MAE SAI, Thailand — Multiple attempts to locate 12 boys and their soccer coach missing in a flooded cave complex in northern Thailand for nearly two days have failed, but officials said Monday they believe they’re still alive.
The boys, aged 11-15, are believed to have entered the Tham Luang Nang Non cave in Chiang Rai province with their 25-year-old coach late Saturday afternoon. A mother reported that her son did not return from soccer practice that day, setting off the search.
“We are still searching right now,” Chote Narin, an officer at Mae Sai district police station, said Monday afternoon. “We’ve found traces but no people yet.”
He said footprints and handprints were found inside the cave complex and that officials believe the boys are still alive. He said the fact that they’re athletes should help them endure the situation.
Navy SEAL divers were trying to reach a large chamber deep inside the cave complex where officials thought the students might be. The chamber is about 4 kilometers (2.5 miles) from the entrance of the cave, which is thought to be about 6-8 kilometers (4-5 miles) long.
The cave, cut into a mountainside in far northern Thailand near the border with Myanmar, is a local tourist attraction but can flood severely during the rainy season, which runs from June to October. Rain continued to fall in the area Monday afternoon and officials said parts of the cave were flooded under at least 5 meters (16 feet) of water.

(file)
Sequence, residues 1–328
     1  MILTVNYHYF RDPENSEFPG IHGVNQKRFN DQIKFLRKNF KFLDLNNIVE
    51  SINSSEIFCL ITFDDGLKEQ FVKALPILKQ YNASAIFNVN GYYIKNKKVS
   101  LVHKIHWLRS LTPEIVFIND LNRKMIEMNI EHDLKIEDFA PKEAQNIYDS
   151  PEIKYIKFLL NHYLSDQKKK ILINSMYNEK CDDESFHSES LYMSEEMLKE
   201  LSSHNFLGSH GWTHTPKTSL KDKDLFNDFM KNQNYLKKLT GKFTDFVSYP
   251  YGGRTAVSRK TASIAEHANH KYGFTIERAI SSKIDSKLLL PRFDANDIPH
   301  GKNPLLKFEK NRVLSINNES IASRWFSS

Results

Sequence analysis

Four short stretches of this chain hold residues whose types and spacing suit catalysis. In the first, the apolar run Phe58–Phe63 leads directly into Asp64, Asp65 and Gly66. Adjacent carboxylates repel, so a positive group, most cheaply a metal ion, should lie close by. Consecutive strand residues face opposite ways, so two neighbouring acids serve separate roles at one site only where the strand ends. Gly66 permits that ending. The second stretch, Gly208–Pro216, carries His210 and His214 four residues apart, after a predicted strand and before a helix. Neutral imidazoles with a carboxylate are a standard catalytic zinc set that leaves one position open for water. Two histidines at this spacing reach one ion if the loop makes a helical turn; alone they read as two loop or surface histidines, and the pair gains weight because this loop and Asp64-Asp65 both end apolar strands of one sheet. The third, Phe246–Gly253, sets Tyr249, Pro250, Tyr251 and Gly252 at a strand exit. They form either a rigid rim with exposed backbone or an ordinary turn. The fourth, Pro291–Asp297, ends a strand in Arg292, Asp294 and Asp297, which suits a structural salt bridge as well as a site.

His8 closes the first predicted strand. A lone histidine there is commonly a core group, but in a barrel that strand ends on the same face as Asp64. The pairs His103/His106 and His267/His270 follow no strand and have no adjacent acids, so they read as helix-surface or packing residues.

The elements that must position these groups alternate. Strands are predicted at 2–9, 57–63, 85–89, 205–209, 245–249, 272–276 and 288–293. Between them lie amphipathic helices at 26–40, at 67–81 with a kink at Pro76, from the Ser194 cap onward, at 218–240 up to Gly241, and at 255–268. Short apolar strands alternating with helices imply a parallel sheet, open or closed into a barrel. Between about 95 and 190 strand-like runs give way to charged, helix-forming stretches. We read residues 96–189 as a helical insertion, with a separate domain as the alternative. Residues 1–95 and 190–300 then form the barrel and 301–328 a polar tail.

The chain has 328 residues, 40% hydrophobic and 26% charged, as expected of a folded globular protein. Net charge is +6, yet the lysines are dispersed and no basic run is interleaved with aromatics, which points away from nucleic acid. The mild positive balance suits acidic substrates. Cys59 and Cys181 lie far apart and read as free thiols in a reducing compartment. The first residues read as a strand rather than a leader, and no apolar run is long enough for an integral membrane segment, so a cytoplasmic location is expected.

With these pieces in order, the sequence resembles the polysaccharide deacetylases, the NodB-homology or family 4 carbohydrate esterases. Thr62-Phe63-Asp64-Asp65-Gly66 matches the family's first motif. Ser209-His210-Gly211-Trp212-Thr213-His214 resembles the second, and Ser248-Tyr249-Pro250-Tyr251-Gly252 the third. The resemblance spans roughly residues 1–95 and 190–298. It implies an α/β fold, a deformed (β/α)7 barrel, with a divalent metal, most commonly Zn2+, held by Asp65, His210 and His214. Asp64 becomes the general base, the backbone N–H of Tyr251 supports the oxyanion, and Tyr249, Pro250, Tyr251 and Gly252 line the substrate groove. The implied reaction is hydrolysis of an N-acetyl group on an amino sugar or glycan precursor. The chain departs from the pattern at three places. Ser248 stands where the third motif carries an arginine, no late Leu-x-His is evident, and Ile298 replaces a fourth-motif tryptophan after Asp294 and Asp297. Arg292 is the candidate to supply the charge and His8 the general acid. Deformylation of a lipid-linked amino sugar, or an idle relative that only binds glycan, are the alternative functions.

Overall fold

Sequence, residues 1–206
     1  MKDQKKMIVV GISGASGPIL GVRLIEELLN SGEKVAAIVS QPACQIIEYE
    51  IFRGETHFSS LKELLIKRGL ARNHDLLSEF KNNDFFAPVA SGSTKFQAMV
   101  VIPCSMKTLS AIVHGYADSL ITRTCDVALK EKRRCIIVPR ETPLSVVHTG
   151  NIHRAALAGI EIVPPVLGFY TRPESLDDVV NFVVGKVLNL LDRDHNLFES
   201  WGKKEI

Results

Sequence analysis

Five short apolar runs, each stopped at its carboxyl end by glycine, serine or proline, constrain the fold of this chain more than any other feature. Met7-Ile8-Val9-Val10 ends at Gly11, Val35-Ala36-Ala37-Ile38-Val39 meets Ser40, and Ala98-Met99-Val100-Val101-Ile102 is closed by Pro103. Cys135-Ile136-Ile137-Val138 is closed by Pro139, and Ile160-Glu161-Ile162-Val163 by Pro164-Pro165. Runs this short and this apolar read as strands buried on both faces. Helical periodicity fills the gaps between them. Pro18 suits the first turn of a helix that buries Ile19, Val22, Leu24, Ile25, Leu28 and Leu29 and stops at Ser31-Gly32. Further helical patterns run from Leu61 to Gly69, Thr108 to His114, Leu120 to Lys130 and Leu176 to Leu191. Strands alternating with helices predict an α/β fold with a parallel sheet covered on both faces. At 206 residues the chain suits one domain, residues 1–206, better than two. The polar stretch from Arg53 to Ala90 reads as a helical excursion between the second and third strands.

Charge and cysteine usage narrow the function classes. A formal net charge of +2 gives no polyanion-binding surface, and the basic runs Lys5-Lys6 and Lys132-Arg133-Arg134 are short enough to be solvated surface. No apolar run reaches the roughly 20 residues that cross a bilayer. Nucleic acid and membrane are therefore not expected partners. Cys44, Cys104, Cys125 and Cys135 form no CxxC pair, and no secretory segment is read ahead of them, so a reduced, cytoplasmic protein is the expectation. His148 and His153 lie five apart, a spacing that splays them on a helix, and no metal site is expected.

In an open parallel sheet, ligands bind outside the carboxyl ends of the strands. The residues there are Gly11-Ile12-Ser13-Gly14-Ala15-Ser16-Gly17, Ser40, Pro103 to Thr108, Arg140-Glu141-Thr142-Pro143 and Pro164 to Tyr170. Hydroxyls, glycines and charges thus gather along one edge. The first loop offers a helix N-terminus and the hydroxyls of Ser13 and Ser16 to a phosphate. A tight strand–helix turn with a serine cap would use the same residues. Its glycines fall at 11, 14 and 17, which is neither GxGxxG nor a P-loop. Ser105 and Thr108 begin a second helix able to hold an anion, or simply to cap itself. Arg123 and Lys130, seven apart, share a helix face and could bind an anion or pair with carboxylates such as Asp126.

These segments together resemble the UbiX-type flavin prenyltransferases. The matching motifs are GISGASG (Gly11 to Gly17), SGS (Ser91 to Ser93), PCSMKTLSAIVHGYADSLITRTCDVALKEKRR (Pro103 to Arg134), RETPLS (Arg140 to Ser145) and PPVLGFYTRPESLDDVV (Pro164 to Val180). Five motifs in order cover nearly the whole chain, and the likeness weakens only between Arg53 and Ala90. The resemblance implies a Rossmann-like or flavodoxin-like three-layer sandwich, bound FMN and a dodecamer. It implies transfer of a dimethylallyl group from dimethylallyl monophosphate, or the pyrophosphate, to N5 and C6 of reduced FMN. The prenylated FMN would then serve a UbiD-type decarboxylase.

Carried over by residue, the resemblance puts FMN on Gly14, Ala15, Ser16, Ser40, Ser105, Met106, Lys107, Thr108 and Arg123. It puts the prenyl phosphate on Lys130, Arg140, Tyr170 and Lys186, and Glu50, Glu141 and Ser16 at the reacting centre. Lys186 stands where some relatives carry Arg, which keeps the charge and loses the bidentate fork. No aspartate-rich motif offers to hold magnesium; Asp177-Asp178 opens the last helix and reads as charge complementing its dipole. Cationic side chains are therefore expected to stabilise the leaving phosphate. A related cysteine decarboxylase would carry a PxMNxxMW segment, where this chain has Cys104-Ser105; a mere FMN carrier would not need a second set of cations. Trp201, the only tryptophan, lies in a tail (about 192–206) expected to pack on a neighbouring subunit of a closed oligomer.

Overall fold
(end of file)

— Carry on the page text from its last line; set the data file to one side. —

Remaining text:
Kamolchai Kotcha, an official at the forest park where the cave is located, said Monday morning that attempts to reach the chamber had failed as the passage is extremely small, “flooded and covered with sand and mud.”
“Right now, our family is hoping that the children trapped inside will have formed a group and are safe and waiting for officials to go in and save them in time. That’s what I’m hoping,” Noppadol Kantawong, the father of one of the missing boys, told Thai PBS television on Sunday.
Thai television showed bicycles, backpacks and soccer cleats left at the entrance of the cave. The area was filled with soldiers and rescue personnel. Buddhist monks offered prayers.
According to Kamolchai, tourists trapped in the cave by past floods have been rescued after the water receded a few days later.
In “The Caves of Northern Thailand,” an online guidebook last updated this year, the cave is described as only explorable from November to June due to flooding. It says the cave has an “impressive entrance chamber” that is about 80 meters (260 feet) long and leads to an easy walk along “spacious passageways” that last for about a kilometer (half a mile).
“At the end of the marked path the passage enters a series of chambers, boulder collapses and boulder chokes where route finding can be difficult,” it says.
After a few hundred meters (yards), the cave narrows to a passage 2 meters (6.5 feet) wide and 3 meters (10 feet) high, it says. After that area, the cave splits off into different directions, including several that lead to other chambers, pools of water or places with high “avens,” shafts that reach the surface.
Chote, of the Mae Sai police, said a helicopter was sent Monday afternoon to survey at least one of those shafts.
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